New Writers Awards 2015: Claire Squires
Children's and Young Adult
Claire Squires is Professor of Publishing Studies and Director of the Stirling Centre for International Publishing and Communication at the University of Stirling. She was born in Lincolnshire, and has studied and worked in York, Norwich, London and Oxford before moving to Glasgow in 2009.
She is a judge for the Saltire Society Literary Awards and Publisher of the Year Award, and previously worked at Hodder Headline publishers. Her academic publications include Marketing Literature: the Making of Contemporary Writing in Britain and Philip Pullman: Master Storyteller. She regularly speaks about publishing to audiences in Scotland and beyond, tweets from @stirpublishing and @clairesquires, and blogs at http://centralbeltshuffle.wordpress.com/ Her website is http://clairesquires.com/.
She is currently working on her first YA novel, set in a city very loosely inspired by early twentieth century Glasgow.
The rope came slithering down, and jumped once, twice, three times.
‘All clear. Aly, on ye go.’ The man tied the rope around her middle. He nodded at her. ‘Keep movin. Yer eye will ken where yer next hold is.’
Aly set off up the building, following Murdo’s route through the dark night to the top. She found footholds in the ironwork, and crannies for her fingers on the ears and lips of the statues. Her body warmed to this new movement, as she stretched and levered herself upward.
After five minutes, she reached the final plinth. Murdo was waiting, sitting astride the statue, his hand extended to her. ‘Naw bad for a beginner,’ he said as he pulled her up. ‘And how do ye like ma hippocamp?’
‘Hippocamp. A sea horse. Look.’ From inside his tunic, he took out a small metal tube. ‘Ah’ll show ye wi ma flashlight.’ He pressed a switch on the tube. A dull beam of light came out of one end.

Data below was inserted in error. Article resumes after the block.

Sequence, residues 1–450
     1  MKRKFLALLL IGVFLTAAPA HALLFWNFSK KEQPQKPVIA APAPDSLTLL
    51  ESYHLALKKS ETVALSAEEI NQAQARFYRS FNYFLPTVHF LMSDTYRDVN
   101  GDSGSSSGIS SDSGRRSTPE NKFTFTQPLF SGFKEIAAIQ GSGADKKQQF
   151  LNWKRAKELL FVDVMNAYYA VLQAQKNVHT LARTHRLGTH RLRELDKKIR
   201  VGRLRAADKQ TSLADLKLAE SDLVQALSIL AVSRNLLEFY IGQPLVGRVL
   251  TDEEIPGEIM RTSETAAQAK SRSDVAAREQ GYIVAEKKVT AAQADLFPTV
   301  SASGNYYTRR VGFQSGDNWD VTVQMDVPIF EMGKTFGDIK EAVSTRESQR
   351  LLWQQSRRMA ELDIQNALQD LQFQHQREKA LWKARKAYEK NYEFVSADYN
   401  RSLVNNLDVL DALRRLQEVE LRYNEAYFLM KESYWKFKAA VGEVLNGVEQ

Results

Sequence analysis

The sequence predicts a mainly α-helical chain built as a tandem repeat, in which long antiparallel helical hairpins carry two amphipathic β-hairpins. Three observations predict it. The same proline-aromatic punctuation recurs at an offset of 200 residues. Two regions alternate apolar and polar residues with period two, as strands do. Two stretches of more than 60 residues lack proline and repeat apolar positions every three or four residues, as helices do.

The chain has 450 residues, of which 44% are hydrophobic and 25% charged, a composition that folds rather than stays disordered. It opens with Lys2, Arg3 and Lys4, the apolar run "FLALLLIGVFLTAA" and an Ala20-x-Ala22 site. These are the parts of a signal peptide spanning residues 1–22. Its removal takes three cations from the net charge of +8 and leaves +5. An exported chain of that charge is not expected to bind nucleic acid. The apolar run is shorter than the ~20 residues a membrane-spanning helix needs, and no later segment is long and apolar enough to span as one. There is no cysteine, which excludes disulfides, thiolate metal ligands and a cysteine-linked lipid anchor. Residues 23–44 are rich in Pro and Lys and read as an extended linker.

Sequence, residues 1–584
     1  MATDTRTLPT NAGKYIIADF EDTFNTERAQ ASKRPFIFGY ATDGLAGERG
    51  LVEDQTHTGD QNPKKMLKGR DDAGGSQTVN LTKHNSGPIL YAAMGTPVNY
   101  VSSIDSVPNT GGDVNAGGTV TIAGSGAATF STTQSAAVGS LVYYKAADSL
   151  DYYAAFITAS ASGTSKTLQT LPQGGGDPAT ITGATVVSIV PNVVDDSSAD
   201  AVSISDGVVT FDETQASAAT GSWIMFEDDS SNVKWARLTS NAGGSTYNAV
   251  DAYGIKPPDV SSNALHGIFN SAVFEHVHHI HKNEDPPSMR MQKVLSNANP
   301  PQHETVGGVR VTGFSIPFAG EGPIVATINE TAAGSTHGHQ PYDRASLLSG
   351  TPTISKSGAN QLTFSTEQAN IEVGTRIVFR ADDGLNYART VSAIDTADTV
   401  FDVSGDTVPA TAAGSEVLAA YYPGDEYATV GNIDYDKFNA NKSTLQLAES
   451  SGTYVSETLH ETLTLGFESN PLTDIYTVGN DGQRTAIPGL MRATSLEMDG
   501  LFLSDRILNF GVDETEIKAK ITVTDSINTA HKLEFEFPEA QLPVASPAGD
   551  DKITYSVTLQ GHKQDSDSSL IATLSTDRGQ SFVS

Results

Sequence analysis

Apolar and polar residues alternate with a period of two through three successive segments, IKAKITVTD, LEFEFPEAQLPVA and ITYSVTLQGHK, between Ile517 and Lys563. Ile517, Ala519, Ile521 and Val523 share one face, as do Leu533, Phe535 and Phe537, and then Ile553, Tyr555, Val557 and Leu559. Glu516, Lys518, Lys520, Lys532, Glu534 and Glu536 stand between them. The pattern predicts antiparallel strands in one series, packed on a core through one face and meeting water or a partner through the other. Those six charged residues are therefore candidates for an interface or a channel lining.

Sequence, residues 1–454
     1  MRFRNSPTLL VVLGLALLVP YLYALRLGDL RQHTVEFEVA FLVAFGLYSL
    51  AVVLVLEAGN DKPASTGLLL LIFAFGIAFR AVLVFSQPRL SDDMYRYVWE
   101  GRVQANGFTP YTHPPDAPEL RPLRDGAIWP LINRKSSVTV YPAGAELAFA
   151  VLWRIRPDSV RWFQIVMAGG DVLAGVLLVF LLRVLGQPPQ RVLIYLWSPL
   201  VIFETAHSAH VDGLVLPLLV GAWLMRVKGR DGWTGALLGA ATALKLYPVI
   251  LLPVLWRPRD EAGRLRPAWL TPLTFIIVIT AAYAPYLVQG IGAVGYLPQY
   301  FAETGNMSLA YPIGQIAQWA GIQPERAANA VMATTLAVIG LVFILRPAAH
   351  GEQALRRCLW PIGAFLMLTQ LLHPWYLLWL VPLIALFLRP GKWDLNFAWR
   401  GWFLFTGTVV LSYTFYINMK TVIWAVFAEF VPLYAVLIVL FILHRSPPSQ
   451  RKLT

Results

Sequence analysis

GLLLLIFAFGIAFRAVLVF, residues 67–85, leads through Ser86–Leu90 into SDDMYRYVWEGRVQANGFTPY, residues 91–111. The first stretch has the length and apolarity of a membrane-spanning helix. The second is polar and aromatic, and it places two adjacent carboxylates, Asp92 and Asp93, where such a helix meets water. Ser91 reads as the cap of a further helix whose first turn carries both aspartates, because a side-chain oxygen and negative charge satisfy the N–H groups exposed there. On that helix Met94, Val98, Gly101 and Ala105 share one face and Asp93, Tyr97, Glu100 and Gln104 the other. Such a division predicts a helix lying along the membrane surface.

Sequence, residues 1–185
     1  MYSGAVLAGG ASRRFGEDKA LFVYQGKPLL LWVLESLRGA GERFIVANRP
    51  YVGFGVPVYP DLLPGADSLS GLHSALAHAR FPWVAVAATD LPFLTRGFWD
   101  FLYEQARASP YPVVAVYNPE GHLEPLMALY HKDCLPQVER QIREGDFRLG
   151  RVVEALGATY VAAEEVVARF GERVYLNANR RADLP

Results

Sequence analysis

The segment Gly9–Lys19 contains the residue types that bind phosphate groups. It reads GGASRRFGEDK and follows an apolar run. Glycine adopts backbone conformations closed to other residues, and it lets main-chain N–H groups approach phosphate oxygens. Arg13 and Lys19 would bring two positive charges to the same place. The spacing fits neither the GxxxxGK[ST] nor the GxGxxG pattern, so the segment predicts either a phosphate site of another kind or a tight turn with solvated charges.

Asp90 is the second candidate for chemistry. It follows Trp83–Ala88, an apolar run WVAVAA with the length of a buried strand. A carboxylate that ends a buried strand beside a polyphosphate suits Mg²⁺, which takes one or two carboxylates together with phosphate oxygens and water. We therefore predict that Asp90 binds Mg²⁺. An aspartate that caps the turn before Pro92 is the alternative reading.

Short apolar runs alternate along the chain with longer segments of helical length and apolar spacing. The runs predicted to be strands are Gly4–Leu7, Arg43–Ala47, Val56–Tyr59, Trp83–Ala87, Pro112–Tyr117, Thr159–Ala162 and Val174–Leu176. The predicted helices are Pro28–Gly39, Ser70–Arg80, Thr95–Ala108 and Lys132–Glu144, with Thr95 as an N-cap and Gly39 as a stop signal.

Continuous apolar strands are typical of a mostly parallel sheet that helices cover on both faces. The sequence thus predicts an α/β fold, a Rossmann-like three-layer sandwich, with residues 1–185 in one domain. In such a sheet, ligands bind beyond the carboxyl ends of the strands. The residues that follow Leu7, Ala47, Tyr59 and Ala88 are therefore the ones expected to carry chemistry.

‘What’s that?’ asked Aly.
‘Electricity in a tube. Very useful for explorin the heights.’
‘Aye, right enough. Show me this sea horse then.’
Murdo shone the flashlight on the statue. A horse’s head, proudly pointing westwards. The body of a fish, with a long tail of a thousand scales. Wings of a dragon. The rope she had climbed up with was looped around its neck.
‘Naw bad. What’s it for?’
‘This is the fish merchants’ buildin. Ye can smell it, naw?’
‘Aye. It’s makin me hungry. Let’s get on wi the metallin then.’
With the flashlight, they soon found their way to the metals, and pulled off all the strips they could carry. ‘There’s good pickin here,’ said Aly, her eyes large with their findings, and her stomach with the fish suppers they would equal once they’d sold it.
‘That’s enough,’ said Murdo. We should get down now. It’s best not to take too much at once.’
They tied their findings to the rope, and gently lowered them to the men waiting below. ‘Right, Aly, get down sharpish. Ah’ll just stable my hippocamp. Gi the rope a tug when yer done and ah’ll follow.’
Aly began her climb down, feeling more than seeing her way to the top of the ladder. She glanced back up at the boy above her, balanced on the hippocamp’s back, his white face distinct against his black hair and the dark sky.
"My first reaction on finding out about the award was: WOW! REALLY? WOW! I should add, in slightly less excitable terms, that I’m delighted, and honoured, to receive the award: it’ll give me both the support and the push I need to finish my book, and plan for those that hopefully will follow it. But actually, the first reaction still stands: thanks, Scottish Book Trust!"
‘Here we say that life is a cliff, and you must never turn around and look back when you’re climbing.’ (Paul Bowles).